In a previous post about the Hollywood Fringe Festival, we featured Live Nation employee Ben Hill, who, while working full-time, has managed to produce one of the largest performing arts festival not just in L.A., but in the world.
Now, we want to share Ben’s solid words of wisdom, for anyone who’s interested in successfully pulling off any type of creative side hustle while maintaining a “9-to-5”:
First and foremost, remember who pays your bills.
“Remember who’s paying you—who’s putting food on your family’s table; it’s not the thing that you’re doing on the side,” says Ben. “You need to make sure that your work responsibilities are not compromised and you actually have time to do everything you want to do and not degrade the work you’re doing for the company.”
Be prepared to sacrifice, especially your Friday and Saturday nights.
The Hollywood Fringe Festival, which takes place for 2-3 weeks in June, requires 11 months of planning and preparation.
“You need to be willing to sacrifice your social life in quite a lot of ways, because you’re pursuing something serious,” said Ben.” I didn’t go out Saturdays, I didn’t go out Fridays. I stayed in and I worked so that I could accomplish this.”
“You need to know what your priorities are,” said Ben. “Know what your different roles are in life. Have various organizational systems that will help you prioritize and know ‘what can I be doing right now—I have some downtime –what can I be doing?’ Be a master of time management.”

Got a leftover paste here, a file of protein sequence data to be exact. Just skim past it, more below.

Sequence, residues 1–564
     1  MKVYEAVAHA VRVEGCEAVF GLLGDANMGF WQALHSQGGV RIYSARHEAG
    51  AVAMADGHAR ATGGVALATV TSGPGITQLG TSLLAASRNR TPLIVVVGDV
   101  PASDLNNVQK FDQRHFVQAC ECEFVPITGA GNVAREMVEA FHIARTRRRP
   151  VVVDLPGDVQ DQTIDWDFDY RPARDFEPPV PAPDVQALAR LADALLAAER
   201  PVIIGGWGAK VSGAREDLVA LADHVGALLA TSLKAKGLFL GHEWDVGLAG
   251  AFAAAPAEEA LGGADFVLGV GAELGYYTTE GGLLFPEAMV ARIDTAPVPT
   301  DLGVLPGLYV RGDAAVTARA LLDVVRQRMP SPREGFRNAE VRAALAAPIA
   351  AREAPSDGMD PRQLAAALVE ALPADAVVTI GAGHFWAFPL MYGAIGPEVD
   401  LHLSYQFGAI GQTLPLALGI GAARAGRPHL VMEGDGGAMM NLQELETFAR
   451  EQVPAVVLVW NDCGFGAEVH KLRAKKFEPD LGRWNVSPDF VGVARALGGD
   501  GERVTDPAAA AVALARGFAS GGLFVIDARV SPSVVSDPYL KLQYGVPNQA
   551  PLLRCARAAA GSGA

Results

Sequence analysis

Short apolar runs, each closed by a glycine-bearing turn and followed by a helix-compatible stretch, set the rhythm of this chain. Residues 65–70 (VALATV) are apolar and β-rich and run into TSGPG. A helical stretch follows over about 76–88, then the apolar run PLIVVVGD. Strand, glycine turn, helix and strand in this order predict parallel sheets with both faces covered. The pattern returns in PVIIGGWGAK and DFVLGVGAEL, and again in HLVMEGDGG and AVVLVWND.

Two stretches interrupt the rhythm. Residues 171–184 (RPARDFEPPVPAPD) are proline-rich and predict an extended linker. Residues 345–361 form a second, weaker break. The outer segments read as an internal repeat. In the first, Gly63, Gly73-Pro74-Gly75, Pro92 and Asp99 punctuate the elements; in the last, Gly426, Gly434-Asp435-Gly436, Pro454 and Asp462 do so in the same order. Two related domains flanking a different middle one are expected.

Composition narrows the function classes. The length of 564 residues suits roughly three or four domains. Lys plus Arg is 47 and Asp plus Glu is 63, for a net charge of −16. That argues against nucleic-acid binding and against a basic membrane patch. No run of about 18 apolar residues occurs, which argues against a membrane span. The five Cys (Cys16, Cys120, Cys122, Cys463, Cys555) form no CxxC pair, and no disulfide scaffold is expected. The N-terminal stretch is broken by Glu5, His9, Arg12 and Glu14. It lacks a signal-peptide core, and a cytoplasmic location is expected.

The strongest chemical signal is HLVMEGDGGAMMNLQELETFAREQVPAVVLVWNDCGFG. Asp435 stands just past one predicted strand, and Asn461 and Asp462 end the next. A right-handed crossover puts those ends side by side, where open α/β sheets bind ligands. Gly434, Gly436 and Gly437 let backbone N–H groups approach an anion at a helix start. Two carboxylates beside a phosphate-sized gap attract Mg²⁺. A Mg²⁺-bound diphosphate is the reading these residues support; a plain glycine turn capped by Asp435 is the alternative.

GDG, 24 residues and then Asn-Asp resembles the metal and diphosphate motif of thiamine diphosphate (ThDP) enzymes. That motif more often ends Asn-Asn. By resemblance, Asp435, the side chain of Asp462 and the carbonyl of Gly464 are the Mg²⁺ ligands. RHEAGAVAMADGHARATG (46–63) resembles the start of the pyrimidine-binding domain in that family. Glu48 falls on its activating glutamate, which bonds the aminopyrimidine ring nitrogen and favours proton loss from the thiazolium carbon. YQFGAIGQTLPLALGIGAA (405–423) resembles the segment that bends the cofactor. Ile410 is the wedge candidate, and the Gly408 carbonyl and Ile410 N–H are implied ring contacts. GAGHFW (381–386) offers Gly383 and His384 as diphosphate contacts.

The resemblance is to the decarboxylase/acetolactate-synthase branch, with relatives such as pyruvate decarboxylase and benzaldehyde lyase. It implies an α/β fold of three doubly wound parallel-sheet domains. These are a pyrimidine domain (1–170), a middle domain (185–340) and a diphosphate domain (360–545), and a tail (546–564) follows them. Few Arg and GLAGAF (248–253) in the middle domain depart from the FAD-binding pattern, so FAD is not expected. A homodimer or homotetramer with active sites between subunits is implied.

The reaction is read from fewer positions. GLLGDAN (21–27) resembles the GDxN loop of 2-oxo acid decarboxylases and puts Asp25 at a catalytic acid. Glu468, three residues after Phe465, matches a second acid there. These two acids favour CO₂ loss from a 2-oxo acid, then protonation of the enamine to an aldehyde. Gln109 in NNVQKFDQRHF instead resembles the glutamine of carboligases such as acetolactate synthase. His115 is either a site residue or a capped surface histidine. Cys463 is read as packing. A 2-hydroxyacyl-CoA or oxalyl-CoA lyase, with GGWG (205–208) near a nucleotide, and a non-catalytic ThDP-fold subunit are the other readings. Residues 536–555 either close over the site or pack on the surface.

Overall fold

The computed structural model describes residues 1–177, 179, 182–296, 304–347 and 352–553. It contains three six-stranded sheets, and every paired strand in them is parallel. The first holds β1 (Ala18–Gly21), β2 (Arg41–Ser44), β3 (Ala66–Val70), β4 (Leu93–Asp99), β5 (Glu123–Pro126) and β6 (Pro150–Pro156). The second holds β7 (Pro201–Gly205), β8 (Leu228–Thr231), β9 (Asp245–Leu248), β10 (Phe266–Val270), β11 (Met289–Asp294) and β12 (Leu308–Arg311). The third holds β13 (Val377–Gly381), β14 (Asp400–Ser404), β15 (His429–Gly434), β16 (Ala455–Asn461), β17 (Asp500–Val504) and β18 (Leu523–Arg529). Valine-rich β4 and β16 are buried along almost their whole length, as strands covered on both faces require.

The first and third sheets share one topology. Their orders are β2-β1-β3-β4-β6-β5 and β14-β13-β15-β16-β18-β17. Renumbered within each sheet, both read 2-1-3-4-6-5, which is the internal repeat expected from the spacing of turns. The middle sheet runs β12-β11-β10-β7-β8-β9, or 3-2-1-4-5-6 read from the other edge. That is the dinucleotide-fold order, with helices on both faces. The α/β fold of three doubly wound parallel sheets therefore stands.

Don’t try to do it all yourself; have a team—and a good one, at that—behind you.
As many as 50 volunteers assist Ben with the Hollywood Fringe Festival any given year.
“Don’t try to do it by yourself; put together a team so that you can delegate responsibility,” Ben said. “You’ll find that many people with a little spare time can accomplish quite a lot. It’s very important to find a group of people who have like minds.”
At the end of the day, dive in and do it!
“We were talking to one of the most esteemed theater journalists in L.A. when we were getting started and he said the single greatest thing you could do is to just do it,” said Ben. “If you can make it happen the first year, then that is an extraordinary accomplishment. That opening day of the first year, we didn’t know how good it would be yet, but we knew that it was there and it was accomplished. That was probably the most rewarding thing.”